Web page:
Tuesday, May 28, 2024

Enoch Bolles has teed up for Women's Golf Day

After a hiatus our man Bolles is back on the course and teeing up for today's official celebration of Women's Golf Day. But don't be mistaken, this 1936 cover of Spicy Stories is nowhere near the first time a Bolles girl showed up on the fairway. 

The earliest example appeared in 1925 on the cover of Laughter, a short-lived humor rag very much along the lines of Judge, the magazine where Bolles began his career and was still doing the occasional cover for. His covers for Laughter represent a real departure, not thematically but because of the total absence of white backgrounds. Instead Bolles uncharacteristically turned to saturated primaries and deep hues that completely filled the backgrounds.  

The final example for today appeared a year earlier, not on a magazine but from what was then called a Street car card. During this time Bolles was not only churning out covers for several monthly and bi-monthly periodicals but also painting scores of ads that were slotted in the space above windows in trolleys and busses. Many of these images were dramatically rescaled for other uses from blotters to billboards. Bolles plays it straight with this image but he played with a variety of looks and other examples toe closer to the style of the Laughter cover.    

But despite these and other examples, Bolles never once set foot on a golf course.  

Monday, December 25, 2023

Wednesday, November 1, 2023

*\November 1st is International Pet Groomer Appreciation Day

 Wouldn't you know it, our man Enoch came through with an image appropriate for today's celebration. This comes from a 1930 issue of Pep Stories. Bolles began his run of covers in mid-1929 and continued until early 1932. R.A. Burley then took on the cover duties for the next year and then passed the baton off to the other "B" artist, the gifited and prolific Earle Bergey. His run continued without a pause until the magaznie folded at the end of 1938, along with the rest of the spicy titles that he and Enoch were working for. The only survivor for Bolles was Film Fun but Bergey kept busy working on a wide variety of genres including romance, sports, and most notably, Science Fiction, a genre I could never Enoch delving into.

Wednesday, September 27, 2023

September 27 is Scarf Day!

 Back to posting after a bit of a layoff. Today we celebrate Scarf Day with a sassy cover by our man Bolles. This issue of Gay Parisienne debuted at the turn of 1935, just a few months after Enoch took over the cover art duties. He his cover run ended in June 1938, and the magazine sputtered on for a few more issues until it disappeared from the newsstands, along with virtually the rest of the lineup of smoosh mags. 

All this transpired at the very time when Harry Donenfeld, the publisher of Gay Parisienne and other magazines Bolles worked for, was transitioning into the comic books. His National Allied Comics published the debut issue of of Superman in April 1938. This also coincided with Enoch's hospitalization, which snapped his 16 year streak for Film Fun.  But Bolles would be back a year later with new covers until the magzine was pressured into folding in 1942 by the Postmaster General of the United States, operating at the behest of the Catholic Church. But this is another chapter in the story of Bolles' life and career.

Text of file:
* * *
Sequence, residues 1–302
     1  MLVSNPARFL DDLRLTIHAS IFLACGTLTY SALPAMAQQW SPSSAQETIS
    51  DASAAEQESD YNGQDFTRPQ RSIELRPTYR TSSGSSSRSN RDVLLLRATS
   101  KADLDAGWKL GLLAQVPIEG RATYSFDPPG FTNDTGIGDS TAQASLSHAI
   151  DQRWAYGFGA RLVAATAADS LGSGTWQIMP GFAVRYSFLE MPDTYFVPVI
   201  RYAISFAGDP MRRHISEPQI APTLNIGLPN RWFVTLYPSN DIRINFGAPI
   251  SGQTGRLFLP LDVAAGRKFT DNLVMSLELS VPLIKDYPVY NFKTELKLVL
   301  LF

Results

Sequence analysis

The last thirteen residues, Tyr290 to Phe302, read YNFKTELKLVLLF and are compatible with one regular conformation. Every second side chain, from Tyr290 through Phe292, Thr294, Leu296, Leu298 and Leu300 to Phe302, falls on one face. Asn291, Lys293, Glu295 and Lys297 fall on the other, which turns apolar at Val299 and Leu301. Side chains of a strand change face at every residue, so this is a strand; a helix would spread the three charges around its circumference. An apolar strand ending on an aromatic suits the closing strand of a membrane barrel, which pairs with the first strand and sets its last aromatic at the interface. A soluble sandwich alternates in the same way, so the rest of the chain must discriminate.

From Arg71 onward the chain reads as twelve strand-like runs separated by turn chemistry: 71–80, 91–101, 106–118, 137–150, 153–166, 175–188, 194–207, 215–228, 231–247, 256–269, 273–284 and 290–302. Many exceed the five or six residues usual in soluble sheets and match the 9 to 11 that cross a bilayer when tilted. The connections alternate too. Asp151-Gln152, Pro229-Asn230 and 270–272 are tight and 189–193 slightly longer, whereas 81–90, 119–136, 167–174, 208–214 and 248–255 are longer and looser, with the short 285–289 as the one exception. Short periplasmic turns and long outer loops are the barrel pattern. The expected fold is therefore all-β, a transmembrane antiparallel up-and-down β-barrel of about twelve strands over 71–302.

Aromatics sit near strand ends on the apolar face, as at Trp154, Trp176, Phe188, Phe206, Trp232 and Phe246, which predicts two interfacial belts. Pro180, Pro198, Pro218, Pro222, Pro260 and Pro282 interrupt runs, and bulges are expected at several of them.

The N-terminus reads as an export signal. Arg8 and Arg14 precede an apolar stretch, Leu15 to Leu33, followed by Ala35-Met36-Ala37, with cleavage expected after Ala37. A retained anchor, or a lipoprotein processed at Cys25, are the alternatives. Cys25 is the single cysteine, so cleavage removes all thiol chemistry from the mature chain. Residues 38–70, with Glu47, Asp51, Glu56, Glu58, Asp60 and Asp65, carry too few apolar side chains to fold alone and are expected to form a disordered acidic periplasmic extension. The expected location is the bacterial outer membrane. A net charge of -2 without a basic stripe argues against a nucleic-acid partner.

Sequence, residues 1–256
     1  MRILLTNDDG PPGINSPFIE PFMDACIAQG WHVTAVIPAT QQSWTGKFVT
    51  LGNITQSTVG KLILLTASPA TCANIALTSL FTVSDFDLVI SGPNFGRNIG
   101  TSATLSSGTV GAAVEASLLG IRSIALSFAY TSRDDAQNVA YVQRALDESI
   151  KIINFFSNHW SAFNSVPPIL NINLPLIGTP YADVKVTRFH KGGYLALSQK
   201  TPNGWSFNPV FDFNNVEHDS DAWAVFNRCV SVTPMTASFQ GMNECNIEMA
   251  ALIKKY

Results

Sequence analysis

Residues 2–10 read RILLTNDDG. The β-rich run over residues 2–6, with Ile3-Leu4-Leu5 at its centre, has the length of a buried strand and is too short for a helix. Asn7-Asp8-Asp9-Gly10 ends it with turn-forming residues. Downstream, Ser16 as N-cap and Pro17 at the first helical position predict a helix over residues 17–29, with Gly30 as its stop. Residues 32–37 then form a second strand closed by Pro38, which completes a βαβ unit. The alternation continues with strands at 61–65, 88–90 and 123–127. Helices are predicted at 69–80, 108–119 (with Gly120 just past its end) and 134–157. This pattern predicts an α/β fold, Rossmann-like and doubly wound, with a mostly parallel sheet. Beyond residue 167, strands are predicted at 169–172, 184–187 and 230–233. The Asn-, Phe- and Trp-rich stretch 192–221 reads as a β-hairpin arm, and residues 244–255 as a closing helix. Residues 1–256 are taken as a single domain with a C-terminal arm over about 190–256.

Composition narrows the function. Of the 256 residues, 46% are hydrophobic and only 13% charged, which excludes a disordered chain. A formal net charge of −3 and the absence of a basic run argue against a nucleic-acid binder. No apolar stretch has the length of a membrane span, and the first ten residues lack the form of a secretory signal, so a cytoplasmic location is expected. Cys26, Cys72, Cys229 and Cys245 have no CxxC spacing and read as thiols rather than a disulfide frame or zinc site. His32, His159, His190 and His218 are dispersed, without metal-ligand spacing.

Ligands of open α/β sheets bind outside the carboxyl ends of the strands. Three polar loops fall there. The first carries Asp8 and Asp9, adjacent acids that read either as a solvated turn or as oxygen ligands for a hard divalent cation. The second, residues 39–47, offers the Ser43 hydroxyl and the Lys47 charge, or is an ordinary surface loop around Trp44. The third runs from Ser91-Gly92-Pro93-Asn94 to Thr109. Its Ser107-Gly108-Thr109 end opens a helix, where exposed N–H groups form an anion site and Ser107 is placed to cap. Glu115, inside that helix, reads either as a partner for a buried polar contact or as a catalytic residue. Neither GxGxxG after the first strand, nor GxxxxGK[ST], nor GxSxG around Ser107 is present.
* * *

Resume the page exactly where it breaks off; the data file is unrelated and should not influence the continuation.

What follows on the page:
Tuesday, February 14, 2023

Happy Valentine's Day from Enoch Bolles


Happy Valentine's day courtesy of our man Enoch!  This is his earliest Heart cover theme and by far the most--dare I say--unappetizing. Strange yes, but it follows a theme that several other pretty girl illustrators were pursuing at the time; the helpless little man whose fate hinges on the whims of an indifferent flapper. Here's another even earlier example from a 1923 Film Fun. Clearly, she loves him not.  Either these guys were forced into extinction or Bolles bored of the theme because by 1925 they were no longer spotted again on the covers of any of the magazines that Enoch's art graced.

Saturday, December 31, 2022

Thursday, November 17, 2022

Enoch Bolles is reminding you that November 17 is the Great American Smokeout

 Yes, its been far too long since we've had a Bolles take on a celebration day, although it's unlikely that anyone who participates in today's annual smokeout describe it as one. This is a great composition with a telling theme, and the candlestick lamp adds some high contrast drama. All these elements were rare themes in Bolles work. The vast majority of his covers could be best described as content free pinup poses that owed nothing to the content between the covers. But Snappy Stories was an exception, featuring cover art that to some extent depicted the theme of the cover story. Bolles often employed background shadows to great effect, as we see here, but he generally abhored casting any shadowing on his figures, considering it a sort of an artistic crutch. 

And as any Bolles fan knows, our rueful covergirl dithering about having a smoke was a lonely outlier among the the legions of two pack a day Bolles girls (someday I'll get around to surveying the percentage of them who smoked). Below you see one of my favorite examples, another rare thematic cover Bolles later painted over to tragic effect for a different magazine. While Bolles also painted ads for several cigarette companies, he himself was never a user of the evil weed, perhaps a reason why he lived to the ripe old age of 93.